Take the 2-minute tour ×
Stack Overflow is a question and answer site for professional and enthusiast programmers. It's 100% free, no registration required.

I have a situation where I am using a custom jQuery plugin to hijack a form submit. The data in the form is then sent via a jsonp cross domain ajax call to another server. This data cannot ever be posted to the sever hosting the form.

My problem is that if the client has javascript disabled, my plugin won't prevent the form from submitting. How do I ensure that the form doesn't ever submit even without javascript enabled?

One option I have considered is to use javascript to write out the form tags.

<script type="text/javascript">
    document.write('<form id="myForm">');
</script>

<!-- form html here  -->

<script type="text/javascript">
    document.write('</form>');
</script>

and then apply the plugin to the form

$('#myForm').myplugin();

While this would work, it seems kind of hacky, considering third party clients are going to be using my plugin and I'd rather not dictate their forms have to be written this way. Another possibility if I had to go that way is to force them to attach my plugin to a div containing the form and then auto-inject the form tags around the div and continue as normal. Something tells me, however, there has to be an easier way.

share|improve this question
    
Random question - why design a site that BREAKS without JavaScript enabled? Not saying it's wrong, but I'm very curious as to the reasoning behind your decision. –  JasCav Jan 25 '11 at 22:15
    
Some clients want to use an ajax call to submit data to us. This data is sensitive (credit card payment information), and because their server is not pci compliant, the data cannot touch their server. They don't like the idea of using an iframe, which is fine, but they are the one choosing to limit themselves. I'm only building the mechanism to make it easier for them. –  Josh Jan 25 '11 at 22:18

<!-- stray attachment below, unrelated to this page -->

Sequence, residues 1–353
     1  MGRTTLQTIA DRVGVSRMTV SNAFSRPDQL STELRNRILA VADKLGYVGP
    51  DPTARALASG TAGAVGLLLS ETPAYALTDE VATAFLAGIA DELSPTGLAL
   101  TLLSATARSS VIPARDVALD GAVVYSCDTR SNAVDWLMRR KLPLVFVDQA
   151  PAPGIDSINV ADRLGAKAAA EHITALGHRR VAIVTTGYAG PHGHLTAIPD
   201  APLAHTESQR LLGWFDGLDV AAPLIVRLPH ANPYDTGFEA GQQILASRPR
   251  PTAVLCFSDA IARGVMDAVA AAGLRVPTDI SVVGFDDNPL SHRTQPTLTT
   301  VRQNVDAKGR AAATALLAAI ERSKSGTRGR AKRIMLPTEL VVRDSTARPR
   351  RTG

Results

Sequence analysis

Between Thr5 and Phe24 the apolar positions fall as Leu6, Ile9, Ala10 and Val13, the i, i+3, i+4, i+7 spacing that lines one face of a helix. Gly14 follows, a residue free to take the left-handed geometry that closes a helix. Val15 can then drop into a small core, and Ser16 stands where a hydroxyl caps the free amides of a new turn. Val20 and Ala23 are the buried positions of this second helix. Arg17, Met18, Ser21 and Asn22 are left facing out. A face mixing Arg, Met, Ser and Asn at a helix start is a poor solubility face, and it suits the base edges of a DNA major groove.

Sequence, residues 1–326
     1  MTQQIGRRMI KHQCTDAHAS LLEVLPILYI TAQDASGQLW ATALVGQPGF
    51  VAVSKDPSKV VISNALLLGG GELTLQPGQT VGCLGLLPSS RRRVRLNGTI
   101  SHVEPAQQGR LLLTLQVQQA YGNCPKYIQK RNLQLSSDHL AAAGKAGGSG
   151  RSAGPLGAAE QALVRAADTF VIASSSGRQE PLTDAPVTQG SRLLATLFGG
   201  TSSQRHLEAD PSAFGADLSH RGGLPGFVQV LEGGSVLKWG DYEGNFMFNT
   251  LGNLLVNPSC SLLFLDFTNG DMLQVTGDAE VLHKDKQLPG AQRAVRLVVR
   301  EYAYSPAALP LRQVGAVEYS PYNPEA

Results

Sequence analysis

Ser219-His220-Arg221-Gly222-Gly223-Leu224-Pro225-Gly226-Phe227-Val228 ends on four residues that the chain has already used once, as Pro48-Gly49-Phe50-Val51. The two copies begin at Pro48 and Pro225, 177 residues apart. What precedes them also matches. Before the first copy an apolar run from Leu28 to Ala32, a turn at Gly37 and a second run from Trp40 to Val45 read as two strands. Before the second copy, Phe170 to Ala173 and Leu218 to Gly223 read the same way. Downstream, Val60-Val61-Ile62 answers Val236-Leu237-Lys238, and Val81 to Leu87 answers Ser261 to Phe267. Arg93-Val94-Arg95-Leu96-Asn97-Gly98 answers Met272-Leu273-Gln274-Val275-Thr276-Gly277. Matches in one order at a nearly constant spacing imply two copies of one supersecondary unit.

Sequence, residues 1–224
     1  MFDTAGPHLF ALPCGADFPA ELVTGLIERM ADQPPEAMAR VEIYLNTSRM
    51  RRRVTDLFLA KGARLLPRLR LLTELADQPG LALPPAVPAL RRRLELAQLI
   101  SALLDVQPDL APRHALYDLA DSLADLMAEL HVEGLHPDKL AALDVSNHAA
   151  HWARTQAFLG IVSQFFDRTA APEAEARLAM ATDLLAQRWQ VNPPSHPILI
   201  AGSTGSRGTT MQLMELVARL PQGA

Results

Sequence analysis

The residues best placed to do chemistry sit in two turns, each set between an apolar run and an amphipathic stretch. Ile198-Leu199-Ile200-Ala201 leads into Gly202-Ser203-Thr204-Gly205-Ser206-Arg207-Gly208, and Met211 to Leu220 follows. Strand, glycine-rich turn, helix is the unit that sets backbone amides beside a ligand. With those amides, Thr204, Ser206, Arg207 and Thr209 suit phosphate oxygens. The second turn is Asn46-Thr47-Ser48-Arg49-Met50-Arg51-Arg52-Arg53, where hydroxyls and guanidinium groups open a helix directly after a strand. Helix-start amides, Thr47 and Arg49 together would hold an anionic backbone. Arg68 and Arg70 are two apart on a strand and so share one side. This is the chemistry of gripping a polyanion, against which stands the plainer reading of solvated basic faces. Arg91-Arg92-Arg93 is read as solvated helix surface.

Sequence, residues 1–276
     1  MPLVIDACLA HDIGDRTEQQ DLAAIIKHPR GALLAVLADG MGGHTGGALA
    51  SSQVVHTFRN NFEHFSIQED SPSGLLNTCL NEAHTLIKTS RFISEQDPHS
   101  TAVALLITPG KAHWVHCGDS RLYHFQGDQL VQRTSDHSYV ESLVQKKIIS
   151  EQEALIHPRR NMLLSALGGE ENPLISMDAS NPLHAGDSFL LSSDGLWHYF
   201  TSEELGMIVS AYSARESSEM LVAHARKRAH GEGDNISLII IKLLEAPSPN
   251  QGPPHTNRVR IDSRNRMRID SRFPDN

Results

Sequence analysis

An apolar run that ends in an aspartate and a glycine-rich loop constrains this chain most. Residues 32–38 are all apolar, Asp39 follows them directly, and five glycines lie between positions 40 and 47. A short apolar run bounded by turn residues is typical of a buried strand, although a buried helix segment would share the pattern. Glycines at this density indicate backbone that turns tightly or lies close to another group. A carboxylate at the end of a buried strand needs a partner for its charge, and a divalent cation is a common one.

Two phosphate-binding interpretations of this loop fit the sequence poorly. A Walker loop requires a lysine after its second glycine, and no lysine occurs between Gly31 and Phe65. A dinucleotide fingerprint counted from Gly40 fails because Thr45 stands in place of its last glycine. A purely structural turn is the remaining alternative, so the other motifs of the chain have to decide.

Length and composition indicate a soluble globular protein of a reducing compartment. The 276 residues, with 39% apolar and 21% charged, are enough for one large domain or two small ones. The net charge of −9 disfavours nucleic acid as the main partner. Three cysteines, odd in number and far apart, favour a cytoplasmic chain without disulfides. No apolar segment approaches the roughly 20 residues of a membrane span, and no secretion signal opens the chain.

4 Answers 4

up vote 1 down vote accepted

if you're not ever going to do a standard form submit, then eliminate the <form> tags altogether replacing them with <DIV> tags. You only need to tie the submit to any valid element, such as a span. and do a $('#myDiv').myPlugin();

share|improve this answer
    
As it stands now, the plugin ties an event to the submit event of the form using live(). I suppose I could change it to tie itself to the click event of a button instead. Then I don't need a form. Good suggestion. –  Josh Jan 25 '11 at 22:20

Maybe I'm completely missing what you are trying to accomplish. But couldn't you simply NOT use: input type="submit" value="Submit Form" /

Instead use: input type="button" action="myValidate();" value="Submit Form" /

From what it sounds you are not wanting anybody w/o Javascript to be able to submit the form. So I would think this would be an easy solution.

share|improve this answer
    
This is exactly what the use case of the OP requires. Require anyone using the plugin to not use input[type=submit] or and the form cannot be submitted without JS. –  vee_ess Jun 19 at 20:50
<form onSubmit="return false">

Not sure if this will work if javascript is disabled...

share|improve this answer
    
no, that requires javascript. –  FatherStorm Jan 25 '11 at 22:24

My solution would be... not to break if Javascript is disabled. Put a script on your server that handles the cases when the form is submitted. Then have that script make requests to the foreign server and send the appropriate response back to the user. This would probably include a hint that Javascript would enhance their enjoyment of your website.

share|improve this answer

Your Answer

 
discard

By posting your answer, you agree to the privacy policy and terms of service.

Not the answer you're looking for? Browse other questions tagged or ask your own question.